Wednesday, 28 April 2010

Oversimplification of sport

Last night my extended post about school, influences and looking for shortcuts sparked off some interesting comments over on my Online Climbing Coach blog. They prompted another post from me about the subtle but critical difference between ‘chasing numbers’ in sport and actually improving. Commenting on that this, Gian questioned how the two can have such different implications for enjoyment of sport, since after all “numbers are meant to be a description of difficulty”.
Simplified numbers or statements often are used these days to form the whole story about sport, and that is one of the reasons it’s so fraught with commoditization, unfairness, predictability and cheating. In big sports, a lot of money and time goes into finding ways to keep on top of drug cheats, so far with arguably little effect. In my opinion, it’s attacking from the wrong end. Attacking the incentive to cheat would work many fold better, and the weapons of war are the pens of the marketers of sport and the media that consumes it.
Numbers are an index of difficulty of a climb (or some other task), but not an index of performance. To get a fair idea of how impressive a sport performance is, we usually need two, sometimes three bits of information sandwiched together. A climbing example: 
One bit - “He climbed that E7”
Two bits - “He onsighted that E7”
Three bits - “He onsighted that E7 in the rain”
One bit headlines are always more attractive for media and they resort to it more and more in all corners of media. It’s a short term way to get more hits (and a long term route to implosion but that’s another blog post). Two bit headlines at least are needed by everyone to keep sport working. When I say everyone, I mean athletes themselves as well.
Using numbers as a one bit index of performance is drain on the motivation in the long term and an continued improvement is destined to stall big time! “I’ve climbed E7!” is not enough, because the two bit headline in the background might be “I’ve climbed E7 but it was a soft touch...or it was a fluke…or I fasted for a week...or I cheated”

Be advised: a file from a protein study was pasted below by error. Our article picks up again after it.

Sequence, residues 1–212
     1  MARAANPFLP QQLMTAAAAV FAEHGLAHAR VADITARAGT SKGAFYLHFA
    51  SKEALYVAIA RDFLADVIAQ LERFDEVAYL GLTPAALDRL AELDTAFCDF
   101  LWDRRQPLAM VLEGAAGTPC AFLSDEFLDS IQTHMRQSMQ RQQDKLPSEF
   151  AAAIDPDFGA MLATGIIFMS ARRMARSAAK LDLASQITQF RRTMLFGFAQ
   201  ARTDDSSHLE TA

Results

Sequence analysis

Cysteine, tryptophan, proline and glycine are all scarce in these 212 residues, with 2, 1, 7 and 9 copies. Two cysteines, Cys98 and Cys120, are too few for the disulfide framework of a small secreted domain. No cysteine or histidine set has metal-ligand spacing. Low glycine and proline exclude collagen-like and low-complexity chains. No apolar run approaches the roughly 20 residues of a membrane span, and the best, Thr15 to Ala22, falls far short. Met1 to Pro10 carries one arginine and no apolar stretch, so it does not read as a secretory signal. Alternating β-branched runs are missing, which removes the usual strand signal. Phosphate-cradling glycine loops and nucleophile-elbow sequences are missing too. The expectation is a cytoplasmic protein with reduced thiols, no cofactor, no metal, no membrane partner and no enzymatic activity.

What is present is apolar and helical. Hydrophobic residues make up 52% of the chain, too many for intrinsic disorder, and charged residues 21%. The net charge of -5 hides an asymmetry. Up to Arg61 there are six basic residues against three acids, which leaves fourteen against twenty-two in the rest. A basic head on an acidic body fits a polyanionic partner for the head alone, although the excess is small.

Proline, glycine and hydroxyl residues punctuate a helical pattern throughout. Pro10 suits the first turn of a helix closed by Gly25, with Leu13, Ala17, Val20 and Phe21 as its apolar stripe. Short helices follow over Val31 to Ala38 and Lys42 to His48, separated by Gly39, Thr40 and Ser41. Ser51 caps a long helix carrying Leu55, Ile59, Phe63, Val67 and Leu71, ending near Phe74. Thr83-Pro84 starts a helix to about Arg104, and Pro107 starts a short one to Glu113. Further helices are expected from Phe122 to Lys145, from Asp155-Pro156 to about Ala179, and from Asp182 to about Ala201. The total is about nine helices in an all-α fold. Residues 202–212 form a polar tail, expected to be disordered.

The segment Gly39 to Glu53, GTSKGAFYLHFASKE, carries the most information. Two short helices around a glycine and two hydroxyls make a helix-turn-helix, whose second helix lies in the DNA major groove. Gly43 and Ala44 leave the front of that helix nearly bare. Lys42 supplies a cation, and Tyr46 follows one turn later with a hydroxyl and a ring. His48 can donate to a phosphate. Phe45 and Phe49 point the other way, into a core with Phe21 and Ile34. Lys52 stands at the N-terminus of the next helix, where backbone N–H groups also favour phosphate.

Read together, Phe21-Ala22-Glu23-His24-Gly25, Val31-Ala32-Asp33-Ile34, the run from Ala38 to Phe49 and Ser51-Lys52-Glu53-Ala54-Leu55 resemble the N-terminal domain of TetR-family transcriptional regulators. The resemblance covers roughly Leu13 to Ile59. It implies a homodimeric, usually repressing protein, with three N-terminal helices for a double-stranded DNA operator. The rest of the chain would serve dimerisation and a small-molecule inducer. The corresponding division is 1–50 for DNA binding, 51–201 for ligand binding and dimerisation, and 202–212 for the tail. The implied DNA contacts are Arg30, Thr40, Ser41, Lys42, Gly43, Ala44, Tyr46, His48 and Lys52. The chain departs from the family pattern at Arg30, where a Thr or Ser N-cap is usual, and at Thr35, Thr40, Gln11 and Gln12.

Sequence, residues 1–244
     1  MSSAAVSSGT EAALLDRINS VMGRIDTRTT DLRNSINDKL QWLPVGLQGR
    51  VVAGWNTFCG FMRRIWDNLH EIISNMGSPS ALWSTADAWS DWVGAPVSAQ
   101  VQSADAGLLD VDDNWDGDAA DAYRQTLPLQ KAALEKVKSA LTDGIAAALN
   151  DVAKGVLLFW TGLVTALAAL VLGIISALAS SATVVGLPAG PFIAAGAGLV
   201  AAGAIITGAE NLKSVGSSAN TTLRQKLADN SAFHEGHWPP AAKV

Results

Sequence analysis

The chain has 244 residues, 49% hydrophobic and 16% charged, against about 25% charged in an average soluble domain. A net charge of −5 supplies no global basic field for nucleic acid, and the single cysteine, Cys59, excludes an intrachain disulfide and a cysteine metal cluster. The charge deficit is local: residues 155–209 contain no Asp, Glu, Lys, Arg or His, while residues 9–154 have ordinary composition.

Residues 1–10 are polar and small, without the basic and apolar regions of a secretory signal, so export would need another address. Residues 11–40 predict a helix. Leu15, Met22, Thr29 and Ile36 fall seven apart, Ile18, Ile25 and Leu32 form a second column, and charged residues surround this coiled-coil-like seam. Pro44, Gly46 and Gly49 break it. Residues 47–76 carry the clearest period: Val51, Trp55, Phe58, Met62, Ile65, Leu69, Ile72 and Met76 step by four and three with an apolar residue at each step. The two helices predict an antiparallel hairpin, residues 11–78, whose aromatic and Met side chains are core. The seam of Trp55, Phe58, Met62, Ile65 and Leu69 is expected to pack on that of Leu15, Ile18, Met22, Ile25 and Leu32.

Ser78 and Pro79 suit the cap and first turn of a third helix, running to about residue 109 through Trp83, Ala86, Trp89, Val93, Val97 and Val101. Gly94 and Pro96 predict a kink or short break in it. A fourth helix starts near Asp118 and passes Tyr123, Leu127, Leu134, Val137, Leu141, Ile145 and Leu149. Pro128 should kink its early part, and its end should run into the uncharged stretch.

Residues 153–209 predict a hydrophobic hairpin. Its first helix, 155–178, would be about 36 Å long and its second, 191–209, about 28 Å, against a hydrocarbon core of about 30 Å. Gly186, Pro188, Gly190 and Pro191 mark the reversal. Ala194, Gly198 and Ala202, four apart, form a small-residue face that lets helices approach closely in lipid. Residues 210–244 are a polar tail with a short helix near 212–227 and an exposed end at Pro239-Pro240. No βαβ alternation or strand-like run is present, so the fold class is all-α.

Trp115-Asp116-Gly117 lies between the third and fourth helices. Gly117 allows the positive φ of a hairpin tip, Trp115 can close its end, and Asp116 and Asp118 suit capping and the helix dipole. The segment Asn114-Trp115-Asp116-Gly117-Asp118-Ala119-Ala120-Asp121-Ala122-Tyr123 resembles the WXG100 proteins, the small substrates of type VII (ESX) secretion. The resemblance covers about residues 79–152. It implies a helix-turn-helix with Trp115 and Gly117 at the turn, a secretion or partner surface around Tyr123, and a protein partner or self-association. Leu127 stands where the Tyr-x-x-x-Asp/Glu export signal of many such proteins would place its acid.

For athletes, the improvement is most motivating and hence sustainable if the number is the secondary part of the headline:
“I climbed well, got over my fear, and climbed that E7”
“My footwork is much better this year after all those drills, so I knew I could get that 7a”
“I really disciplined myself to rest properly, and I’m stronger for it”
That kind of thinking shows how there’s more to taking satisfaction from improvement than the number. It’s not a lot more - just one or two extra bits of information - but crucial. Sports don’t need to be super complicated to be motivating, but rounding everything down to the lowest common denominator all the time is very toxic for motivation.

Footnote: I do a lot of headpointed trad routes, and a few people get very concerned that folk out there might not properly weight the performance of, for example, 'E11 headpoint'. Sure, a few inexperienced onlookers might not understand the significance of the second bit of that statement. I don't think this small group are really worth worrying too much about. As for the rest of us, I think people are smart enough to get their head around the idea that the number takes on a different meaning if you climbed in headpoint style.

8 comments:

  1. Great post! You've really put your finger on the subtlety of gauging performance. The distinction you make applies so well to the current climbing scene. When the climbing scene and individual climbers are governed by the one-bit measure of performance we're left with a pretty impoverished and indeed "very toxic" way of deciding what's valuable in climbing (achievements, climbs, climbers, etc.).

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  2. Absolutely.

    In such over-simplification there's the danger of disconnection from the essence of climbing, and the world of potentials that can't be defined (or limited) by numbers and pigeon holes. Aye, indeed, the danger of a cold and sterile relationship, of sorts.

    There's no poetry in it.

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  3. Anonymous02 May, 2010

    i think in the short-term OR long-term, it can be very encouraging to break through to a new grade. In the US, 12a, 13a and 14a are kinda big deals, because of the jump in the number; i would suspect in euroland, 7a, 8a, and 9a carry similar significance. In running, it might be a 4 minute mile, or a 10 second 100 meter etc etc.
    "numbers chasing" is simply an understandable and motivating goal for the climber who is interested in "improving", and i don't think there is anything inherently wrong with it. Caveat: it would help if we understood exactly what is meant by "numbers chasing"!

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  4. Anonymous02 May, 2010

    add:
    Roger Bannister was a "numbers chaser", right? All he cared about was breaking the 4 minute mile, poor bloke!

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  6. interesting, thanks for sharing

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  7. A great insight into climbing. I am only a begginer and am curious to learn more.

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  8. Roger Banister - Poor Bloke?? Would you know his name if he did not break that barrier?

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